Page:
Cream’s second album, “Disraeli Gears,” was released in 1967.
It was their first hit album, and the subject of yet another
Classic Albums DVD release from Eagle Rock Entertainment.
As always, the events preceding the recording of this album are
discussed, including the years before the formation of Cream
in mid 1966. I think it’s right that Cream is considered to be the
first “supergroup.” By that time, both Jack Bruce (1943 – ) and
Ginger Baker (1939 – ) had formidable reputations as Jazz
musicians, having played with groups such as the Graham Bond
Organisation and Alexis Korner (1928-1984), sometimes with
each other. At the time Cream was formed, Jack Bruce was also a
classically trained cellist. Eric Clapton (1945 – )was even more
famous as a Blues guitarist, having played with both the
Yardbirds and John Mayall & the Bluesbreakers.
The formation of Cream forged a unique type of music, combining
Blues with improvisational Jazz. They also played it louder than
anyone was used to hearing, and their “live” sets included long
extended jams, showcasing their collective skills.
In the recording studio, they liked to also experiment with
more psychedelic and Pop musical styles, which were common
in the Zeitgeist of the mid to late 1960’s Rock scene. This was
certainly true of their first album, “Fresh Cream,” released at
the end of 1966, as well as “Disraeli Gears,” which was their
first record for Atlantic, and their first experience with the best
that American recording technology had to offer.
Circa 2005, Cream’s experiences in America are discussed in
detail on this DVD, both by the band members themselves,
Atlantic Records founder, Ahmet Ertegun (1923-2006), and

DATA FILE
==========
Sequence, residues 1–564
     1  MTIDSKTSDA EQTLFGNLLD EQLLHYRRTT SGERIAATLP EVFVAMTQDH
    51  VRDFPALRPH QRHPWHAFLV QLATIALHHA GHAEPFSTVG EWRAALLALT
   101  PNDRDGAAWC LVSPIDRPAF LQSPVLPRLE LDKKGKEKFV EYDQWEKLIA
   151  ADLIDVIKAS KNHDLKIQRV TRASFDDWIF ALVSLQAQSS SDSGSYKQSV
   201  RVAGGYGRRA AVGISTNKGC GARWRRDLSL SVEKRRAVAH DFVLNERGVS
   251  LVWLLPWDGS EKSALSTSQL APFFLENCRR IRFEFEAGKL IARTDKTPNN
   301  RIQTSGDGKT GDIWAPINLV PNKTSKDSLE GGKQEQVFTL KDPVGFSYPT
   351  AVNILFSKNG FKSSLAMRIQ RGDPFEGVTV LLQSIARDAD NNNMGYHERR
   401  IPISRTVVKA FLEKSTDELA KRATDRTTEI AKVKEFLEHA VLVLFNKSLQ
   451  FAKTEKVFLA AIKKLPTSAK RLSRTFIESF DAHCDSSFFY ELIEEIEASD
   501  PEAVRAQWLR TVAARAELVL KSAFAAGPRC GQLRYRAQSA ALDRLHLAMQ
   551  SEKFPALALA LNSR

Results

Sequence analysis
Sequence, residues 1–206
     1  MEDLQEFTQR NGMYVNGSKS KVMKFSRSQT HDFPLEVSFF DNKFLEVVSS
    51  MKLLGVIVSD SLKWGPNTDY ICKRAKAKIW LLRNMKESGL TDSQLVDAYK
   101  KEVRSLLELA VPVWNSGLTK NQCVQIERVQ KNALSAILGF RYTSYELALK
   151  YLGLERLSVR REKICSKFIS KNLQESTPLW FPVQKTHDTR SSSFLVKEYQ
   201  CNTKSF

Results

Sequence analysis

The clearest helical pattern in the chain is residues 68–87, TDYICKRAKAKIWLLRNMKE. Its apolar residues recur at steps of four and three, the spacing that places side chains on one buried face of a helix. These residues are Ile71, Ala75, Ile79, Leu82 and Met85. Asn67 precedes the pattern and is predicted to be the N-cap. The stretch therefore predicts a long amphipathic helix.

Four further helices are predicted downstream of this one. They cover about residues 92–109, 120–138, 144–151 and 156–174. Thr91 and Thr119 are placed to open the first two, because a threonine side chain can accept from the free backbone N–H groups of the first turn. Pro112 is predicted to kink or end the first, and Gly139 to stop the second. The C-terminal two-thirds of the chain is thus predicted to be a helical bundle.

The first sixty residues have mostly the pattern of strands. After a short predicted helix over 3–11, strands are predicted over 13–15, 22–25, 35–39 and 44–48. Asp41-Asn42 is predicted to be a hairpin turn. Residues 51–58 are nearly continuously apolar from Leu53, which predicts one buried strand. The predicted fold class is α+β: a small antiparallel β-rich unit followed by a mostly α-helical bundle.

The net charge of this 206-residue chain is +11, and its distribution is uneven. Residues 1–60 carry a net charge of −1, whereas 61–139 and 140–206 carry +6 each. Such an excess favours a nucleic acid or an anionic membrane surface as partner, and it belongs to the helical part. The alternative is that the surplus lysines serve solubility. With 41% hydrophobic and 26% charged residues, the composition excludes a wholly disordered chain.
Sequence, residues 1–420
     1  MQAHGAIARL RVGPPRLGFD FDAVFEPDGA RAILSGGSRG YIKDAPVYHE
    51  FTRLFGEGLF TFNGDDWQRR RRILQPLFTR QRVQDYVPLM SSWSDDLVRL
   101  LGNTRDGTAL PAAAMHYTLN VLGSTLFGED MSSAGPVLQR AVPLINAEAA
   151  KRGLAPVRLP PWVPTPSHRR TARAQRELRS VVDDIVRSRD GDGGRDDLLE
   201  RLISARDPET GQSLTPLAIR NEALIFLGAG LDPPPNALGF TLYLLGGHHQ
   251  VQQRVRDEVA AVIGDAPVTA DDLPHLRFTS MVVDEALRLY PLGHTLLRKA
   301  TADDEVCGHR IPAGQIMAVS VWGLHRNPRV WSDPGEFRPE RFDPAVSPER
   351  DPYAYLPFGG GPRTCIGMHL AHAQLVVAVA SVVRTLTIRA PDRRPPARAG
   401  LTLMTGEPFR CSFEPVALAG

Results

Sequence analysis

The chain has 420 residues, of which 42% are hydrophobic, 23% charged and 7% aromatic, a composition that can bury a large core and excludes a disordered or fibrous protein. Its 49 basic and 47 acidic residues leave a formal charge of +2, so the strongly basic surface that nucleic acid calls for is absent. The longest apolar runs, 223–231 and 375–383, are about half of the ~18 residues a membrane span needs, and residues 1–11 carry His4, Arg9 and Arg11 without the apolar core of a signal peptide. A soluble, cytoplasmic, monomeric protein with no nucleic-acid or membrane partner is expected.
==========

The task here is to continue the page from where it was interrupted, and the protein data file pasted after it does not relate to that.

lyricist Pete Brown (1940 – ). There were also discussions
of legendary recording engineer Tom Dowd (1925-2002) and
bassist Felix Pappalardi (1939-1983) who acted as a producer
for Cream and would later play in the band Mountain.
Every song on “Disraeli Gears” was featured, along with a lot
of anecdotal information in some cases. It was interesting to
hear Eric Clapton cite the influence of The Byrds, referring to
“Dance the Night Away” as a sort of “Byrd’s tribute.” A
particularly captivating anecdote was the story of the
conception of “Sunshine of Your Love,” with Jack Bruce
illustrating the famous riff that began with him improvising on
the double bass. Eric Clapton then described playing the riff at
the octave and adding essential harmonies. As with all of the
DVDs in the Classic Albums series, it’s the “fleshing out” process
of the songs that makes these films so important and informative.
Interspersed throughout this 48-minute film were scenes from
the 1960’s and performance film clips of Cream, with a lot of
footage from their farewell concert at Albert Hall in 1968. A clip
was also shown from their 2005 reunion, held at the same venue.
Roughly 33 minutes of bonus material include Eric Clapton playing
acoustic versions of “Sunshine of Your Love” and “Outside
Woman Blues,” as well as Jack Bruce accompanying himself on
the piano, while singing “We’re Going Wrong.” As you can
imagine, his voice has changed over the years. Ginger Baker
also provides a drumming demonstration.
The real “find” on this disc is the color filmed footage of
“Tales of Brave Ulysses,” performed by Cream at a club gig
during 1968, as well as a “live” black and white version of
“We’re Going Wrong,” from a different date. Priceless!
For a band that was only together for approximately two
years and four months, Cream casts a giant shadow that is
felt and discussed to this day. How many other short-lived
bands could make such a claim?
This DVD was released in 2006, and goes a long way toward
showing why Cream was so special. I consider it to be